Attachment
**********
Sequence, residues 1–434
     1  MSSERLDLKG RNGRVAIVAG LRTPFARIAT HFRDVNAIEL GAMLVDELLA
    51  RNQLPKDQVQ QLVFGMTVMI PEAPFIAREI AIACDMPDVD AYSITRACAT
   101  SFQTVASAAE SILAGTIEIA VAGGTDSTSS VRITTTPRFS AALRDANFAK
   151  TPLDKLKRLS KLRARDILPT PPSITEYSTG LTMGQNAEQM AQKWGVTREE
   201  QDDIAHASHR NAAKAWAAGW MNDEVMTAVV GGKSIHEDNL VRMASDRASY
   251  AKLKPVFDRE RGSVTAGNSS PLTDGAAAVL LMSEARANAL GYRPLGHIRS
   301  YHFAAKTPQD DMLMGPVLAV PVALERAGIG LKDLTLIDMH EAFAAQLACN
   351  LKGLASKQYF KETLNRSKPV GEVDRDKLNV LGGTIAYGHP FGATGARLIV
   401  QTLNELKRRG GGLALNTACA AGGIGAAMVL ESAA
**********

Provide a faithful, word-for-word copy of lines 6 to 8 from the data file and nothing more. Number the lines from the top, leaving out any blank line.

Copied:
   201  QDDIAHASHR NAAKAWAAGW MNDEVMTAVV GGKSIHEDNL VRMASDRASY
   251  AKLKPVFDRE RGSVTAGNSS PLTDGAAAVL LMSEARANAL GYRPLGHIRS
   301  YHFAAKTPQD DMLMGPVLAV PVALERAGIG LKDLTLIDMH EAFAAQLACN